LEGO Club offered second Tuesday of each month

On Jan. 8 history was made at the West Linn Public Library. Exuberant children from all over town flocked to the library to experience the eagerly awaited event of the season. For weeks they were marking off the days on their calendars — counting down until the first ever meeting of the West Linn Public Library’s LEGO Club. The blocks arrived, the signs were made, the library staff was prepared, parents were informed and the kids bounced out of their SUBMITTED - Playing with LEGOs encourages creative problem solving and critical thinking, both important skills for building literacy.

LEGO clubs have been a popular trend in public libraries for a few years now and the library is really happy to introduce our own such club, which will take place on the second Tuesday of each month. All children older than the age of 4 are welcome.

As those of you with young children know, LEGO bricks have experienced a resurgence in popularity over the last 10 years due in part to partnerships with popular media franchises such as Batman and Harry Potter. The brand has also expanded into multimedia endeavors, including video games, television shows and printed books. Kids just can’t seem to get enough LEGO.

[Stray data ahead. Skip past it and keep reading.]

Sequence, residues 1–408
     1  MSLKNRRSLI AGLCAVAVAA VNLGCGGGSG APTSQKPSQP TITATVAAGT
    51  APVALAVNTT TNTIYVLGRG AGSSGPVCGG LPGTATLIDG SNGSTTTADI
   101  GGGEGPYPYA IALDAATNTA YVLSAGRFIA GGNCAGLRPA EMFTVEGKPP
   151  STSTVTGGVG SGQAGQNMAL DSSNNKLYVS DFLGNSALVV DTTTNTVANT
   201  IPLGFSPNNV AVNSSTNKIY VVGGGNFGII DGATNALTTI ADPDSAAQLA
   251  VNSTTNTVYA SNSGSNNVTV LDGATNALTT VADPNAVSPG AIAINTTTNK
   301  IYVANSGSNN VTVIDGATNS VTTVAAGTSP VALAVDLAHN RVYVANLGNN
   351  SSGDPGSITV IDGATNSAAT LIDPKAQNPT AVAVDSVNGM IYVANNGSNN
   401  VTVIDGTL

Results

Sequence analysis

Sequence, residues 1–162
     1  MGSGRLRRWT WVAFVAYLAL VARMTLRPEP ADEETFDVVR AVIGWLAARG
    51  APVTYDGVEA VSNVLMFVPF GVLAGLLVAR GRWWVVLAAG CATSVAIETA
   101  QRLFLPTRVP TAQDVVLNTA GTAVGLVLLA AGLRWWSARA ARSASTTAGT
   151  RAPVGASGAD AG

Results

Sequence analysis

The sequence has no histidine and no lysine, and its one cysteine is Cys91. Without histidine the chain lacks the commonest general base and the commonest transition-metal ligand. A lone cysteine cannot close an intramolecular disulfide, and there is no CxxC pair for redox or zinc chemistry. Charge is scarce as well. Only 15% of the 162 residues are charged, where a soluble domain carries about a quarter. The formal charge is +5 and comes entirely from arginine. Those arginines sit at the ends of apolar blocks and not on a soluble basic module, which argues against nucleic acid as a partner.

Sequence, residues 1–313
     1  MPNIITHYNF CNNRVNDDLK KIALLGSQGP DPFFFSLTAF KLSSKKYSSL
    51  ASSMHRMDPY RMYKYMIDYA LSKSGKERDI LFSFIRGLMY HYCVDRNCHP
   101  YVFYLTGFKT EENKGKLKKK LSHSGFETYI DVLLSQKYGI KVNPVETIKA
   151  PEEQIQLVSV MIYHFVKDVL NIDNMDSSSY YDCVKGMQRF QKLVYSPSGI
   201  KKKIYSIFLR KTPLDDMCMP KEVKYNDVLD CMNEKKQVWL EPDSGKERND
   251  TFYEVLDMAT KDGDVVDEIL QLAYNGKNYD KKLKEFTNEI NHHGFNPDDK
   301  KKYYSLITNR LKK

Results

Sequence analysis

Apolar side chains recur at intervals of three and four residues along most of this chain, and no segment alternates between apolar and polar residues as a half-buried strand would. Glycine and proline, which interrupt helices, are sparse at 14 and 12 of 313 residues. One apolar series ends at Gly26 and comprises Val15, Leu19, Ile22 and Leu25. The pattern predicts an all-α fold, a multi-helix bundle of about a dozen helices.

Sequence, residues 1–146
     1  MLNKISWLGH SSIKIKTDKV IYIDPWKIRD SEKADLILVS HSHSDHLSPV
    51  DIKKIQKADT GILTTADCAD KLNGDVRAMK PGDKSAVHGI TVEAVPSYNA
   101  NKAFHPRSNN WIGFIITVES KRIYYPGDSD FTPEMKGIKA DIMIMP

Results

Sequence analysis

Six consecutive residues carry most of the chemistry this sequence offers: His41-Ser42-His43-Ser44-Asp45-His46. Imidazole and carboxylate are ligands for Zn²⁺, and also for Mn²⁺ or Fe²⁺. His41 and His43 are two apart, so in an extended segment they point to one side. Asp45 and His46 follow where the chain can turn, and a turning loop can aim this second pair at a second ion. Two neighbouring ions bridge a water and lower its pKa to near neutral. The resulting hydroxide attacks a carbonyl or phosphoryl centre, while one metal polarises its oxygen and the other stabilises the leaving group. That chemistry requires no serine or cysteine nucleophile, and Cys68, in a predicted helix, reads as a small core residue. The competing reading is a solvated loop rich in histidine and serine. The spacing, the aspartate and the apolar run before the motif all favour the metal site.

It has been especially fun, as a children’s librarian, to see the popularity of LEGO books skyrocket over the last few years. Children want to read books about subjects and characters that interest them. It is magical to see reluctant readers hoot with glee upon finding the new LEGO Ninjago graphic novel on the library shelf.

The bricks themselves can also be a powerful tool in building literacy skills in young children. Playing with LEGOs requires creative problem solving and critical thinking, both important skills for building literacy. Dr. Nicola Pitchford, lecturer of developmental psychology at Nottingham University said, “Pretend play also helps children develop storytelling skills, supporting their development of imagination and grammar, both of which are necessary for understanding and creating literature.”

LEGO founder Ole Kirk Kristiansen seemed to have the importance of play in mind when he named his fledgling company in 1932. LEGO is an abbreviation of two Danish words, “leg godt,” which translates to “play well” in English. Kristiansen, a carpenter by trade, began by manufacturing stepladders, ironing boards, stools and wooden toys. LEGO first began producing their Automatic Binding Bricks, the precursor to the plastic blocks the company is famous for today, in the late 1940s. In 1939, LEGO employed only 10 people — a number that has grown to more than 10,000 employees today.

The library is accepting donations of new and used LEGO bricks to add to our collection for use during LEGO club. This is going to be a popular program and we want be able to include all children wanting to join in the fun.

For more information, call the library at 503-656-7853 or visit

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